'Marvelous' breads come to BaltimoreWashingtonians have...


December 11, 1991|By Charlyne Varkonyi

'Marvelous' breads come to Baltimore

Washingtonians have been raving about Marvelous Market since it opened on Connecticut Avenue Northwest in mid-1990. They loved the hearty, European-style breads mostly based on starters -- French baguettes, boules and brioches, sourdough bread with black olives, potato bread, rosemary bread, focaccia. They have stood in line an hour to pay up to $3.75 a loaf. They have even tied a bow around the breads and given them as presents.

Now Baltimoreans, too, can enjoy Marvelous Market breads without fighting the traffic on I-95. Marvelous Market bread is available at Eddie's in Roland Park and Cross Keys Village Store. It will be available at Morton's in Baltimore after Dec. 20. The stores carry eight varieties a day; typical prices are $1.50 for a baguette and $3.75 for the olive bread.

Mark Furstenberg, Marvelous Market owner and a former Baltimorean, says he made the bread available in his hometown to save his parents from their trips to Washington to pick up bread for themselves and their friends.

"They would drive down here every week and load up the car with bread," he says. "I had to start selling it in Baltimore to save them from hauling back and forth."

Speaking of great bread in Washington, Jim C. Lawson, author of "The Baltimore Ethnic Food Store Guide" and the "Washington Ethnic Food Store Guide," has done it again. His new book, "The Washington Ethnic Bakery Book," is a guide to bakeries, patisseries and sweet shops in the metropolitan area, including the Maryland and Virginia suburbs. The list includes a potpourri of ethnic breads -- Salvadoran, Chinese, Scottish, Philippine, Middle Eastern, Korean, Dutch, Polish and Hawaiian.

It is available locally at Books for Cooks in Harborplace or by sending a check or money order for $9.95 plus $1.50 postage and handling to Ardmore Publications, P.O. Box 21051, Washington, D.C. 20009-0551.

Hot line offers tips on fending off fat

The ho, ho, ho of holiday celebrating can turn into a big boo-hoo when you look at the scale after the New Year.

If you are looking for a game plan to get through the holidays with the least pain and gain, the Anne Arundel County Department of Health Nutrition Services has some answers in a 24-hour, seven-day-a-week hot line.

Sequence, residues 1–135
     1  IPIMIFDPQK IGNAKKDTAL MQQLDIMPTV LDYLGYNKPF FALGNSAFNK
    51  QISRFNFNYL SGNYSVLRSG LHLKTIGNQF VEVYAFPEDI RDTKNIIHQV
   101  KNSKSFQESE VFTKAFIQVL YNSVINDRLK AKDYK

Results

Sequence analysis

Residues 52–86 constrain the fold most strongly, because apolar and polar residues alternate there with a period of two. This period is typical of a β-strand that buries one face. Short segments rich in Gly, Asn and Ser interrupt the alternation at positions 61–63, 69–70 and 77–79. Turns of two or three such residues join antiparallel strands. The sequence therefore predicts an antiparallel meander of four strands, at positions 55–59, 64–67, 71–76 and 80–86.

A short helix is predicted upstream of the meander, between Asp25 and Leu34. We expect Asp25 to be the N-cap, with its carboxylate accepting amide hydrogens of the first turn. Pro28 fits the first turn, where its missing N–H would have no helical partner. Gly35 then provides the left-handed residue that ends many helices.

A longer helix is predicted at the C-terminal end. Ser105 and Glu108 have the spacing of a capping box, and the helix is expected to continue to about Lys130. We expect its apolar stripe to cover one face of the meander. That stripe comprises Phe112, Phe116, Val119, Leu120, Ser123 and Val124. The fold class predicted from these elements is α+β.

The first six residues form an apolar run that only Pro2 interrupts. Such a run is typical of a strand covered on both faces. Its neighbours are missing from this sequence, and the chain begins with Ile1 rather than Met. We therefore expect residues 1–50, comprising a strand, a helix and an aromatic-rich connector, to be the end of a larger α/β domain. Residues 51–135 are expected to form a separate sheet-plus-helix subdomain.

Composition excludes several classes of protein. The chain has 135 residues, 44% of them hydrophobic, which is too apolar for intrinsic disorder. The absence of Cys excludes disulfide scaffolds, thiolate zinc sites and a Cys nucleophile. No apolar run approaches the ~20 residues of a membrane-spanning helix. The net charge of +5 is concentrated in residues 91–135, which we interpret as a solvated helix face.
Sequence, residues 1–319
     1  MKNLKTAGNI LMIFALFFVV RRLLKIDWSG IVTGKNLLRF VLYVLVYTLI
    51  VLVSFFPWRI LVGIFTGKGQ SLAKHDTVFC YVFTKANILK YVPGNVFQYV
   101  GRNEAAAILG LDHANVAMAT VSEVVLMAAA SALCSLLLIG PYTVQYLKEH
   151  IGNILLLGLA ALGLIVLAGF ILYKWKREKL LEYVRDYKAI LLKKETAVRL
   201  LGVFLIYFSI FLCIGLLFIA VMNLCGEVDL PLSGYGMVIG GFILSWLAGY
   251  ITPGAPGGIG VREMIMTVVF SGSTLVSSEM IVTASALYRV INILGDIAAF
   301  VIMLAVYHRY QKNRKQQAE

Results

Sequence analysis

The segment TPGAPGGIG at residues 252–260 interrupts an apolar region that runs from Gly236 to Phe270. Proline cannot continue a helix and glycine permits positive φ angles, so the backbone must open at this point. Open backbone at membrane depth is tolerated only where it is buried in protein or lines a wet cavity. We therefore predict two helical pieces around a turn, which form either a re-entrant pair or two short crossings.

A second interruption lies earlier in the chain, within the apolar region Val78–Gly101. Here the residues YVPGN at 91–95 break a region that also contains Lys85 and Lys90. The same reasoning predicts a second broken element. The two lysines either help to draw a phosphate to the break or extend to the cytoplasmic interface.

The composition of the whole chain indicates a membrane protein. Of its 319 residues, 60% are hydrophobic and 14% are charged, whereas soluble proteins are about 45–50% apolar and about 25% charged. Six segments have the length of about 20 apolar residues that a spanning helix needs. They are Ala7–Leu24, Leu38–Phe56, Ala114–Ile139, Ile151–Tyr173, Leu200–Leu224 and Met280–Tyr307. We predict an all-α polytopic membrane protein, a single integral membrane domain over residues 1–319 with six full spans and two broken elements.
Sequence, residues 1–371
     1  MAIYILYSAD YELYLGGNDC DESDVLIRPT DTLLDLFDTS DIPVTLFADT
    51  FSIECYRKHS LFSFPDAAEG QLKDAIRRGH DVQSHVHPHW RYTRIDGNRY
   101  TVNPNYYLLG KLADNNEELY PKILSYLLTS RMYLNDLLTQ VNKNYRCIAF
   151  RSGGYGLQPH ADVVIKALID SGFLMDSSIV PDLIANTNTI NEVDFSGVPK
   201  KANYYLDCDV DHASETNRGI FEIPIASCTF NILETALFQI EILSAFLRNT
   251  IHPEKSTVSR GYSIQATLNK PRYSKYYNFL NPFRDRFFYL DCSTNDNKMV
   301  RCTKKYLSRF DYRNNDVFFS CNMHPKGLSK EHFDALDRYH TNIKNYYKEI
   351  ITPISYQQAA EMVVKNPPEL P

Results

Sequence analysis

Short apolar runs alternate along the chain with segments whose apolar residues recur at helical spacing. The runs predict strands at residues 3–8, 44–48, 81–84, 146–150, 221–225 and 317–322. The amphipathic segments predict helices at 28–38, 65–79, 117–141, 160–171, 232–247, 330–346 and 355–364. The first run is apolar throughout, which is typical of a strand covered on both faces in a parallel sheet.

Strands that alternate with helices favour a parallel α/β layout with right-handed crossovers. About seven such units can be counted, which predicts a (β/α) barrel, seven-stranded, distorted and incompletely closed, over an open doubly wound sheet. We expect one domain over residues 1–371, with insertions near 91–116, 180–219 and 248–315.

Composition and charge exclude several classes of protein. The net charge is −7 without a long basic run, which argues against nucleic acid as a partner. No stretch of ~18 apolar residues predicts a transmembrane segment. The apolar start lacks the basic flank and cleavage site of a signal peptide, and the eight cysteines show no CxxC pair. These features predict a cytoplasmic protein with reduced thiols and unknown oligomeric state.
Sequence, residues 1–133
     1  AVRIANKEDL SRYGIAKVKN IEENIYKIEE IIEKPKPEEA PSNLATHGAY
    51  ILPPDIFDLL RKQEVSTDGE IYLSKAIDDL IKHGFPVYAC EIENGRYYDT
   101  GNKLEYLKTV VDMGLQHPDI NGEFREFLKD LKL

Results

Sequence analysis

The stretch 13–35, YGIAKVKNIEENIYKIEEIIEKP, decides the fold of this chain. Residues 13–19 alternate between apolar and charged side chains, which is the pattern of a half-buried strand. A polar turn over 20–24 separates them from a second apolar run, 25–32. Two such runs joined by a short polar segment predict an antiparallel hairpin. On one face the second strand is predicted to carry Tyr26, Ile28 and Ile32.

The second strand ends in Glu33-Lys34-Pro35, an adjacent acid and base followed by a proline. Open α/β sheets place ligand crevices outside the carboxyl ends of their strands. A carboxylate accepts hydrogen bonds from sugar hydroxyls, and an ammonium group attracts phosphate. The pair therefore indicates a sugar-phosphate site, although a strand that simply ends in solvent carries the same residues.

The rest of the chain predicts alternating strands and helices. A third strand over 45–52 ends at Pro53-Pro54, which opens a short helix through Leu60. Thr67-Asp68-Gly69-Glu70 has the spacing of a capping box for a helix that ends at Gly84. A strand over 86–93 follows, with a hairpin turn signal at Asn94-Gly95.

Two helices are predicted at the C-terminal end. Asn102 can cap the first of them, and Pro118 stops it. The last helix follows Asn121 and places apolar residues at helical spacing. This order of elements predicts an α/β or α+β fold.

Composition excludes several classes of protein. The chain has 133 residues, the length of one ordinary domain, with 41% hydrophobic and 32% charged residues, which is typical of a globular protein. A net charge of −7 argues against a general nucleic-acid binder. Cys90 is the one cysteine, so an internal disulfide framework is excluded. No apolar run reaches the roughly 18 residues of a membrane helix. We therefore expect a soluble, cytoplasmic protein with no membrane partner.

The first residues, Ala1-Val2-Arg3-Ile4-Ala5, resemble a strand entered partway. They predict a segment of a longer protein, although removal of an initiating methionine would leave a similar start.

Call and get information on great tasting low-calorie, low-cholesterol and low-fat recipes, healthy tips on how not to overeat during the holiday feasting and safe-food handling tips. There is also information for services available for those in need who qualify for the WIC (women, infants and children) supplemental food program. Call (410) 222-7367.

Recipe booklet reveals 'Chef's Sugar Secrets'

If you enjoy the red onion marmalade on the sauce and condiment cart at Baltimore Grille in the Omni Inner Harbor Hotel, you aren't alone.

Judges in a national recipe contest sponsored by the Sugar Association honored the Omni's executive chef Tim Barger recently, making him a finalist in the sauces category. The Sugar Association is a trade group representing the producers and refiners of beet and cane sugar.

The contest, "Chef's Sugar Secrets," solicited recipes from chefs on non-dessert uses of sugar -- entrees, appetizers, sauces and breads.

"Since people no longer cook from scratch as much as they used to, they have a limited understanding of how to use sugar in other dishes," according to Sylvia Rowe, vice president of consumer affairs for the Sugar Association.

A booklet with copies of their recipes is available by sending a check or a money order for $2 to: "Chef's Sugar Secrets," Sugar Association, 1101 15th St. N.W., Suite 600, Washington, D.C. 20005.

Chef Barger says he offers more than 25 specialty garnishments on the menu. This marmalade was created as a healthful, low-calorie accompaniment for steak, poultry and seafood.

Red onion marmalade

Makes 18 to 20 servings.

6 red onions

2 tablespoons butter

1/2 cup sugar

1 cup red port wine

1 cup Cabernet sauvignon

1/2 bunch fresh thyme or rosemary

Peel and slice the onions into julienne strips. In a saute pan, melt butter over medium heat and add onions and sugar. Cook until onions are tender. Add wines and spices. Simmer slowly until liquid has almost evaporated and sauce is syrup-like in texture. Serve with steak, poultry or game.

The Tidbits column welcomes interesting nuggets of food news -- new products, food-related news events, local cookbooks, great mail order finds, openings and closings of restaurants and food shops. Please send press releases to Tidbits, Attn: Charlyne Varkonyi, The Sun, 501 N. Calvert St., Baltimore, Md. 21278.

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